‘The gaze that the colonized subject casts at the colonist’s sector is a look of lust, a look of envy. Dreams of possession. Every type of possession; of sitting at the colonist’s table and sleeping in his bed, preferably with his wife. The colonized man is an envious man.’
“One of the things I’m concerned about is that I really want to make sure the races of all the characters are kept. I don’t like it when black characters become white in movies, or things like that. That was something I found deeply problematic with the attempt by some people who had a lot of money and a lot of clout, and who wanted the rights to Anansi Boys, at one point. Somewhere in there, they made the fatal mistake of saying to me, “And, of course, the characters won’t be black in the movie because black people don’t like fantasy.” They were suddenly very surprised that we were no longer interested in selling them the book. So, I want to keep the racial mix in American Gods the same.”—
Neil Gaiman on HBO’s American Gods adaptation. (via racebending)
"Stop letting your illness define you" says the healthy person whose life is defined by her health.
Yeah this is a bit hard to swallow but I do end up preaching every once in a while that being fat isn’t correlated with being unhealthy.
If it helps but it doesn’t, it took me a long time to see myself as healthy or able bodied. I mean I sucked ass at little league baseball and in my high school’s Cross-country team I was literally average in the team because out of the 40 kids in the team I fucking ALWAYS placed in 19th, 20th, or 21st place. But I guess being able to run every day in practice after school and during the summer for the required amount is, to begin with, a sign of health. But it sure doesn’t feel like it when i couldn’t progress from that.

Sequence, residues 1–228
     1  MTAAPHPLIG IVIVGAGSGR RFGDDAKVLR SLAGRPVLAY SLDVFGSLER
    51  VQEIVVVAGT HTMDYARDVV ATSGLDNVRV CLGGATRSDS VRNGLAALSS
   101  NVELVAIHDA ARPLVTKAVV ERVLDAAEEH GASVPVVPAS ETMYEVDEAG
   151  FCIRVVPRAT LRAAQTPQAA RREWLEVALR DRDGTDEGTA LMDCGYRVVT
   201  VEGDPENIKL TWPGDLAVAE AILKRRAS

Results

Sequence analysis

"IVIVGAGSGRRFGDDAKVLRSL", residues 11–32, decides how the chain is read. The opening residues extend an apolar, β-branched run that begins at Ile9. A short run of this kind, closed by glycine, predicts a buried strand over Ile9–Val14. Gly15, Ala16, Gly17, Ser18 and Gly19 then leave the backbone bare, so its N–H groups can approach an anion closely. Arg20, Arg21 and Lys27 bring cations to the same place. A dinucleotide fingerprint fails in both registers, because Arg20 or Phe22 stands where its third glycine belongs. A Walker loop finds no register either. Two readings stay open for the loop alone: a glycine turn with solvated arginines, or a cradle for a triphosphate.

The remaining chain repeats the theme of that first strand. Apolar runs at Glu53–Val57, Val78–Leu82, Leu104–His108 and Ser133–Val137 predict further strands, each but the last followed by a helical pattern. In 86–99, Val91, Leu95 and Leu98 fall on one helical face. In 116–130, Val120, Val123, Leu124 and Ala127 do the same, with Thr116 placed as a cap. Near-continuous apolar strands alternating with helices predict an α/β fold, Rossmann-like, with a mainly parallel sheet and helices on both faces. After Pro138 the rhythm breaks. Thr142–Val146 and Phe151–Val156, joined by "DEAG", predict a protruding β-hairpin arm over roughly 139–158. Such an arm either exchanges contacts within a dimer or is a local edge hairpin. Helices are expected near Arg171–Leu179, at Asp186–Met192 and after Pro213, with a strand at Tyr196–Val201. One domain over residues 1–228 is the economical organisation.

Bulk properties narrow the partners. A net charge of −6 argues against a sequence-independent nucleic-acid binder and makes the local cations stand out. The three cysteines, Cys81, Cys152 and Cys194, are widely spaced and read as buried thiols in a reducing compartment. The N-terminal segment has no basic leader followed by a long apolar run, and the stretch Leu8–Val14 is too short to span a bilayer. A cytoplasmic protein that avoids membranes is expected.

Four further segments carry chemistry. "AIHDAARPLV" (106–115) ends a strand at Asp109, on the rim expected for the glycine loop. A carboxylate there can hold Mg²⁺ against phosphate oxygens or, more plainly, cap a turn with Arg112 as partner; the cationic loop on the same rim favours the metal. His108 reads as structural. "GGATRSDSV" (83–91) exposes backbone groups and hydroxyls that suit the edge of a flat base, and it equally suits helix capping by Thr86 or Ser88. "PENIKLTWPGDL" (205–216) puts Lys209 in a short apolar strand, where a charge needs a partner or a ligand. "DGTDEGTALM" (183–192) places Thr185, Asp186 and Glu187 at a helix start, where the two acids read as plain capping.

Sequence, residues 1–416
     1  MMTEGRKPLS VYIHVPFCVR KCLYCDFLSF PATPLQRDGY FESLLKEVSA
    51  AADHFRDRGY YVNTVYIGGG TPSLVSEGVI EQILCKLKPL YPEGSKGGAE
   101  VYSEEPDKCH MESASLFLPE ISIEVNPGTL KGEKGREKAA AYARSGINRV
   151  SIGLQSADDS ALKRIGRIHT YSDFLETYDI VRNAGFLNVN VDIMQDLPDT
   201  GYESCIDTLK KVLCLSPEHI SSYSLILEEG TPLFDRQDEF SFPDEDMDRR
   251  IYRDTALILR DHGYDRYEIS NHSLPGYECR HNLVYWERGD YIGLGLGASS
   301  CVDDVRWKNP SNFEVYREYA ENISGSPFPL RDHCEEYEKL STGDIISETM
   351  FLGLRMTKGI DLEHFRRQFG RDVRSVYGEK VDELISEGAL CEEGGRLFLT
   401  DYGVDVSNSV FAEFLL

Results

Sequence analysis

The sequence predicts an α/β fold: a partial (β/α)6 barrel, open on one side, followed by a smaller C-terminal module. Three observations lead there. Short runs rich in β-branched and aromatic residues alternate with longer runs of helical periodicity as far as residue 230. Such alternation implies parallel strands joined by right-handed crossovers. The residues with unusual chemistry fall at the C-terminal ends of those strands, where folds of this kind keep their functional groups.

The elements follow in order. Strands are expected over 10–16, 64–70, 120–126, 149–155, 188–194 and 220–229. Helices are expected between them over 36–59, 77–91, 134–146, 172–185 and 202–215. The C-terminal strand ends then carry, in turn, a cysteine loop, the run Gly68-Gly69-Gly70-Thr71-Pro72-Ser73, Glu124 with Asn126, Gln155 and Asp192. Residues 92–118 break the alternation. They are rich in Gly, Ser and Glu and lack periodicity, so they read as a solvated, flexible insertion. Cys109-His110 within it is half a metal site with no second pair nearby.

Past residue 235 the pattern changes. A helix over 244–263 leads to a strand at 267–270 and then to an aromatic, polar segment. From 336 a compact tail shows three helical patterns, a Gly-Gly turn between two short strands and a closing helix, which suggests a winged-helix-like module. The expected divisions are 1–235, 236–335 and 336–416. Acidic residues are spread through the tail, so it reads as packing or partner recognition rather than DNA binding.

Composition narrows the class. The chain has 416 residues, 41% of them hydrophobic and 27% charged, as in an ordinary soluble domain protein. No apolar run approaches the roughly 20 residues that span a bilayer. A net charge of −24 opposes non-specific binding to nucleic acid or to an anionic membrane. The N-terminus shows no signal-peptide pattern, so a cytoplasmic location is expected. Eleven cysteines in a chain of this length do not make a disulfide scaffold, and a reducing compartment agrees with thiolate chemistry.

I have really come into my own understanding of my health and body through hot power yoga and veganism. People cringe at these activities but they are so homey to me
Spending some time looking through PhD programs that have a strong emphasis on Social Theory. The ones one of my professors recommended didn’t quite seem to have a strong emphasis on Social Theory so now I’m sorta back to square one, square one is wanting to go work under Patricia Hill Collins.